Crevel, Rene' W. R.3; Baumert, Joseph L.4; Baka, Athanasia5; Houben, Geert F.9; Knulst, Andre C.7; Kruizinga, Astrid G.9; Luccioli, Stefano8; Taylor, Stephen L.4; Madsen, Charlotte Bernhard1
1 National Food Institute, Technical University of Denmark2 Division of Toxicology and Risk Assessment, National Food Institute, Technical University of Denmark3 Unilever4 University of Nebraska5 International Life Sciences Institute – ILSI Europe6 Netherlands Organisation for Applied Scientific Research - TNO7 University Medical Centre Utrecht8 Center for Food Safety and Applied Nutrition9 Netherlands Organisation for Applied Scientific Research - TNO
The need to assess the risk from food allergens derives directly from the need to manage effectively this food safety hazard. Work spanning the last two decades dispelled the initial thinking that food allergens were so unique that the risk they posed was not amenable to established risk assessment approaches and methodologies. Food allergens possess some unique characteristics, which make a simple safety assessment approach based on the establishment of absolute population thresholds inadequate. Dose distribution modelling of MEDs permitted the quantification of the risk of reaction at the population level and has been readily integrated with consumption and contamination data through probabilistic risk assessment approaches to generate quantitative risk predictions. This paper discusses the strengths and limitations of this approach and identifies important data gaps, which affect the outcomes of these predictions. These include consumption patterns among allergic individuals, analytical techniques and their application, severity-dose relationships, and the impact of extraneous factors which alter an individual’s physiology, such as infection or exercise. Nevertheless, application of these models has provided valuable insights, leading to further refinements and generating testable hypotheses. Their application to estimate the risk posed by the concurrent consumption of two potentially contaminated foods illustrates their power.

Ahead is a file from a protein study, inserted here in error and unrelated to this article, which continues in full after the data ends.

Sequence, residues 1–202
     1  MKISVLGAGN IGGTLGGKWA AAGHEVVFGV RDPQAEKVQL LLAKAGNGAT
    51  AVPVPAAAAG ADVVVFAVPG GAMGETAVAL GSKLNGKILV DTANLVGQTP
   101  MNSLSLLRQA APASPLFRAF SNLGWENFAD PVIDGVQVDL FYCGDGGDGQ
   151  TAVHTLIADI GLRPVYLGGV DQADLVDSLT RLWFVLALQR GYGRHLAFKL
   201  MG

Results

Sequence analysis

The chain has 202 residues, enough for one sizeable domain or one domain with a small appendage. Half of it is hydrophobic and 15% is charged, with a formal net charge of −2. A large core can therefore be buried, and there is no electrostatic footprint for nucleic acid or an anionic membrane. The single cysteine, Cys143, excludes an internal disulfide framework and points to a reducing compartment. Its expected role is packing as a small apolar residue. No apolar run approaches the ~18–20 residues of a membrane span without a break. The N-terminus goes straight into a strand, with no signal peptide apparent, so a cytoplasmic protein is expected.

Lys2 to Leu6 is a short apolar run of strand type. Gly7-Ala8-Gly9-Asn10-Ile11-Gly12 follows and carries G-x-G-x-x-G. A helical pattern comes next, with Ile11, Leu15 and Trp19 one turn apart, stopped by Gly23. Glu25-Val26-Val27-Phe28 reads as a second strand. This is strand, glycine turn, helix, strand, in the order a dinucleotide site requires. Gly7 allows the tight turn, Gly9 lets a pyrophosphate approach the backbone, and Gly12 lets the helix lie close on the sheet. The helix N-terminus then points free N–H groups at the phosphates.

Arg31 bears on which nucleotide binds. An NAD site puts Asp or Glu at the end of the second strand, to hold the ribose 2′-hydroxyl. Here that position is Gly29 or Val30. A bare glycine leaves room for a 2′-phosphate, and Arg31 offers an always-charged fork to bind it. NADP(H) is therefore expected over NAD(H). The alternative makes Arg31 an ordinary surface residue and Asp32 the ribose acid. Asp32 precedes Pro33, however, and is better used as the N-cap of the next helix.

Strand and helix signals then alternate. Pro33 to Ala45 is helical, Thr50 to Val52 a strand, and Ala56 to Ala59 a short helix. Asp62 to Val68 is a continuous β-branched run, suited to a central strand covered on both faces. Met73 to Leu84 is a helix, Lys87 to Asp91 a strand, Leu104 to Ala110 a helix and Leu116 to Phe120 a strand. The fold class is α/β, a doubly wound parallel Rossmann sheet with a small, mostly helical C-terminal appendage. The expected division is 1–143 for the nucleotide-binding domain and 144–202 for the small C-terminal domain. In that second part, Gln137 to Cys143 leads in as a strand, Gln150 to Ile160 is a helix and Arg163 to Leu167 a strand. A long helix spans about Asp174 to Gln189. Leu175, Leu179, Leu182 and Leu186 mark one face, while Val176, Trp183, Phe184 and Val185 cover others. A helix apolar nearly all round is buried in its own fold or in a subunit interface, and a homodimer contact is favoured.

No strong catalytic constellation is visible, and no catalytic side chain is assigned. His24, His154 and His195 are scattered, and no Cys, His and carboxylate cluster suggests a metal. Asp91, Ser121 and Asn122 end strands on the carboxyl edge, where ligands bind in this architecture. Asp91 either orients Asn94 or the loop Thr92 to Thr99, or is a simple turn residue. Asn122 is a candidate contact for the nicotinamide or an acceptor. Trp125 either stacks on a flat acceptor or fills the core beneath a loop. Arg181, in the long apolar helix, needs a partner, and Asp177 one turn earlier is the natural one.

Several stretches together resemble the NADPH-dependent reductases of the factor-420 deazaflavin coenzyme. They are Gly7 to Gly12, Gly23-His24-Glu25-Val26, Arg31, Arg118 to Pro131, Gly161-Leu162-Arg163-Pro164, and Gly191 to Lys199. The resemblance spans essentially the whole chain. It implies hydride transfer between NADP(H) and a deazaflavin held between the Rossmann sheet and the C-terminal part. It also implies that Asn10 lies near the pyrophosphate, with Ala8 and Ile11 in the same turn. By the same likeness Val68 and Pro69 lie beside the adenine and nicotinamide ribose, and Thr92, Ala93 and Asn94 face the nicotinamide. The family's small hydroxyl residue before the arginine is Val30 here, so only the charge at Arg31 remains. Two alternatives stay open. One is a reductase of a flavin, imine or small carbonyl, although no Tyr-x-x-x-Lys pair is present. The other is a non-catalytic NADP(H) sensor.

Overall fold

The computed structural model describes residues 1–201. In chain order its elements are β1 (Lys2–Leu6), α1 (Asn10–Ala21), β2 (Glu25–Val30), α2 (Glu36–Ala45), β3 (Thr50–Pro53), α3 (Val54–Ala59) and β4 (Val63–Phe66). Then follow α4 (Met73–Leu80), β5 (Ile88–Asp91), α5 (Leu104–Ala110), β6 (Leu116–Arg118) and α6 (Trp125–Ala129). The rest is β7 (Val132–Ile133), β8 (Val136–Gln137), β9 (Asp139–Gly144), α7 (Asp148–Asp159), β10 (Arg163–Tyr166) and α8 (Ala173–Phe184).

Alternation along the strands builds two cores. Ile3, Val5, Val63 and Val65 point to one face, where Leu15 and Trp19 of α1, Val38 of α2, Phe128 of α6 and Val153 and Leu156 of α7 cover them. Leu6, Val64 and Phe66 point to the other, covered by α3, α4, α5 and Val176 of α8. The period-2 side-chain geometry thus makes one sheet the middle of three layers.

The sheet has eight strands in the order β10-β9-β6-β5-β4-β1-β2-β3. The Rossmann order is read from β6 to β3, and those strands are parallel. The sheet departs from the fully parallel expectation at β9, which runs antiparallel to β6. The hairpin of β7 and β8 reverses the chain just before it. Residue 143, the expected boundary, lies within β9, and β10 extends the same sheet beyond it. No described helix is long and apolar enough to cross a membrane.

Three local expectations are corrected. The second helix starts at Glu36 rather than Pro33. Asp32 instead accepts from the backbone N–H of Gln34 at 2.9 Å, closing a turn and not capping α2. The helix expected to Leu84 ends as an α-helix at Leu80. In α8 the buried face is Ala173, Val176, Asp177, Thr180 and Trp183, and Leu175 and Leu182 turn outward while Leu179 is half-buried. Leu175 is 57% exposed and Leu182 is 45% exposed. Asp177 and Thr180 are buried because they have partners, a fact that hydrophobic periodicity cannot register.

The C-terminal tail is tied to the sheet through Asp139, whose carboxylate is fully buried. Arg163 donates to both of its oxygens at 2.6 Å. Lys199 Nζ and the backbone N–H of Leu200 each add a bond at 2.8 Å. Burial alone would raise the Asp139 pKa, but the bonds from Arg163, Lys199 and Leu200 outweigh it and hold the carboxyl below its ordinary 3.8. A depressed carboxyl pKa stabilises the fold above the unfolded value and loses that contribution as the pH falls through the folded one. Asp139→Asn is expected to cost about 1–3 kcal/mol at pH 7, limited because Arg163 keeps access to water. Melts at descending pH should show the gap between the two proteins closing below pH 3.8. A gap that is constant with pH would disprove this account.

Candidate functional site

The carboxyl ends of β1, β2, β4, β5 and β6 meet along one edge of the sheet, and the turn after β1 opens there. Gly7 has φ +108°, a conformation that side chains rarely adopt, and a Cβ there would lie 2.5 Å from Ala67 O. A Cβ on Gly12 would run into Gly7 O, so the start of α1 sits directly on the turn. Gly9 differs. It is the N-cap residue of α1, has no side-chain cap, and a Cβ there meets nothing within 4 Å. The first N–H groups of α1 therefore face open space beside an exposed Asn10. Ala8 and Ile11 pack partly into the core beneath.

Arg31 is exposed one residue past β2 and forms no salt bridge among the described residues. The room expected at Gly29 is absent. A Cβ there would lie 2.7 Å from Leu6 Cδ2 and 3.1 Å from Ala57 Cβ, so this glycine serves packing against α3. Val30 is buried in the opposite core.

Food and Chemical Toxicology, 2014, Vol 67, p. 262-276